Beef is out; wheat is in: farmers
Financially beleaguered cattle producers in Manitoba are selling off their herds and switching to wheat, capitalizing on soaring grain prices.
Martin Unrau, president of the Manitoba Cattle Producers Association, is just one of hundreds of ranchers expected to sell off their animals this year and put their fields to work raising grain.
"Here we are growing grain for sale again, which is kind of hard to believe, I guess. But we're doing it," said Unrau, who has made his living raising cattle for more than 40 years.
"We've torn up some hay land and we're going to put in about 400 acres of salable grain this year, something we haven't done for about 10 or 11 years," he told CBC News.
Unrau's operation near MacGregor, Man., has been losing money — a common affliction in the industry, which has been struggling with soaring feed costs, low livestock prices and a high Canadian dollar.
He expects the switch to earn him about $80,000 in profits this year.
"We could have some net incomes of close to $200 an acre at the end of the day [with wheat]," he said. "When you're looking at that versus the cow-calf operation and the hay that I used to grow to supply the cows from that same amount of land, we were in a negative position. So that's the difference."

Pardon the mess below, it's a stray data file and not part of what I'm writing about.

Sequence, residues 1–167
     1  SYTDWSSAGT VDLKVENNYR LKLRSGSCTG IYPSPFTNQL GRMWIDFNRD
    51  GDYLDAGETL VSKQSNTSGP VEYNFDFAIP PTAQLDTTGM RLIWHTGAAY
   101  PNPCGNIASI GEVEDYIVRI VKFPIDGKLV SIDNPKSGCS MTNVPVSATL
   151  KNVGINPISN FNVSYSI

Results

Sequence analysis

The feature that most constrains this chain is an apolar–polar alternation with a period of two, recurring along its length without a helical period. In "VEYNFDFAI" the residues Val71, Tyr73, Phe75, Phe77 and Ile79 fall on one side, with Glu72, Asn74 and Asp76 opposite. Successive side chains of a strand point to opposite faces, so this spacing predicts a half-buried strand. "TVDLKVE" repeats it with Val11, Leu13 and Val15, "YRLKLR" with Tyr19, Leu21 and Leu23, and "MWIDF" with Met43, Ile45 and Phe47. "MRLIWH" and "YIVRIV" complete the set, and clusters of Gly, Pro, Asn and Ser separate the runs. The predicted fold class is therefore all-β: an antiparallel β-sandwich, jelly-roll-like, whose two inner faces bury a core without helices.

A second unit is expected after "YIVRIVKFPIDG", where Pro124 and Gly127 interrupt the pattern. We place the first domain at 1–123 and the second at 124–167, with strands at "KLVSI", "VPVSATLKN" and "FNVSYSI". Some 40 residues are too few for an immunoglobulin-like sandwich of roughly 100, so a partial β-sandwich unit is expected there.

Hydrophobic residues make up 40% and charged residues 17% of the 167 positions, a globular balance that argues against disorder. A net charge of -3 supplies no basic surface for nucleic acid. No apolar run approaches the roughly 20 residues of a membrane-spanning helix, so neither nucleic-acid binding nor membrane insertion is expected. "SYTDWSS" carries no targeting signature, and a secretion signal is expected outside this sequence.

He expects at least 1,000 other cattle producers in the province will also sell of at least some of their herd in favour of planting wheat or barley, crops that are now considered money-makers for the first time in three decades.
At $9 per bushel, the Canadian Wheat Board also expects to see a lot more wheat sprouting across the Prairies this year — up to 81,000 hectares in Manitoba alone.
Spokesman Bruce Burnett expects farmers to plant every available acre, even on pasture land that will harvest a lower yield.
"We do expect some marginal land that was put into pasture land or other uses over the past 10 or 15 years [is] likely going to come back into production," he said. "Right now, we're saying that some of this land is needed for production, so it is worth it."
Wheat board officials expect grain prices to remain high over the next few years, leading even more cattle producers to make the switch.